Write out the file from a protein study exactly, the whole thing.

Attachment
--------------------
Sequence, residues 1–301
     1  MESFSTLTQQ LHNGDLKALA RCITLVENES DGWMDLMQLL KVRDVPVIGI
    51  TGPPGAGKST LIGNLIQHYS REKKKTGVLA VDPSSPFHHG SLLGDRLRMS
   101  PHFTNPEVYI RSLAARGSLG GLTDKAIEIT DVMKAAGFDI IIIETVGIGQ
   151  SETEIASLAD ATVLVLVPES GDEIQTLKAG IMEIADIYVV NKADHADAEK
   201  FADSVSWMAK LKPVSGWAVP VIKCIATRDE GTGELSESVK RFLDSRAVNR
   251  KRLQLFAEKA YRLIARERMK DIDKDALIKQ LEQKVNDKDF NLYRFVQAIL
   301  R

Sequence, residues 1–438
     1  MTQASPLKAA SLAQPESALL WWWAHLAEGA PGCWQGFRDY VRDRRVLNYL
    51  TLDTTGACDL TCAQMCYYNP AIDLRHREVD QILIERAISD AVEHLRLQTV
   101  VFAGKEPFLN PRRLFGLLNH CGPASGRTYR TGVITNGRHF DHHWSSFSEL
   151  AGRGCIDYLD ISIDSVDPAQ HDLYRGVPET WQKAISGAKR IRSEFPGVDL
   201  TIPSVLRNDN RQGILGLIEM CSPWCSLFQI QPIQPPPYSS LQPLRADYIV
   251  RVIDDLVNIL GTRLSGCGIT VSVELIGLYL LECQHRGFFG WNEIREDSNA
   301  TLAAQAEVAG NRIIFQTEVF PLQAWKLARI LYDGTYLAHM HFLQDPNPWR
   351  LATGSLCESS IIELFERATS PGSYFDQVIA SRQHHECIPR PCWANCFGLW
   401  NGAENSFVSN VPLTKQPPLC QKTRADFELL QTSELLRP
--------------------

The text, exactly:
Sequence, residues 1–301
     1  MESFSTLTQQ LHNGDLKALA RCITLVENES DGWMDLMQLL KVRDVPVIGI
    51  TGPPGAGKST LIGNLIQHYS REKKKTGVLA VDPSSPFHHG SLLGDRLRMS
   101  PHFTNPEVYI RSLAARGSLG GLTDKAIEIT DVMKAAGFDI IIIETVGIGQ
   151  SETEIASLAD ATVLVLVPES GDEIQTLKAG IMEIADIYVV NKADHADAEK
   201  FADSVSWMAK LKPVSGWAVP VIKCIATRDE GTGELSESVK RFLDSRAVNR
   251  KRLQLFAEKA YRLIARERMK DIDKDALIKQ LEQKVNDKDF NLYRFVQAIL
   301  R

Sequence, residues 1–438
     1  MTQASPLKAA SLAQPESALL WWWAHLAEGA PGCWQGFRDY VRDRRVLNYL
    51  TLDTTGACDL TCAQMCYYNP AIDLRHREVD QILIERAISD AVEHLRLQTV
   101  VFAGKEPFLN PRRLFGLLNH CGPASGRTYR TGVITNGRHF DHHWSSFSEL
   151  AGRGCIDYLD ISIDSVDPAQ HDLYRGVPET WQKAISGAKR IRSEFPGVDL
   201  TIPSVLRNDN RQGILGLIEM CSPWCSLFQI QPIQPPPYSS LQPLRADYIV
   251  RVIDDLVNIL GTRLSGCGIT VSVELIGLYL LECQHRGFFG WNEIREDSNA
   301  TLAAQAEVAG NRIIFQTEVF PLQAWKLARI LYDGTYLAHM HFLQDPNPWR
   351  LATGSLCESS IIELFERATS PGSYFDQVIA SRQHHECIPR PCWANCFGLW
   401  NGAENSFVSN VPLTKQPPLC QKTRADFELL QTSELLRP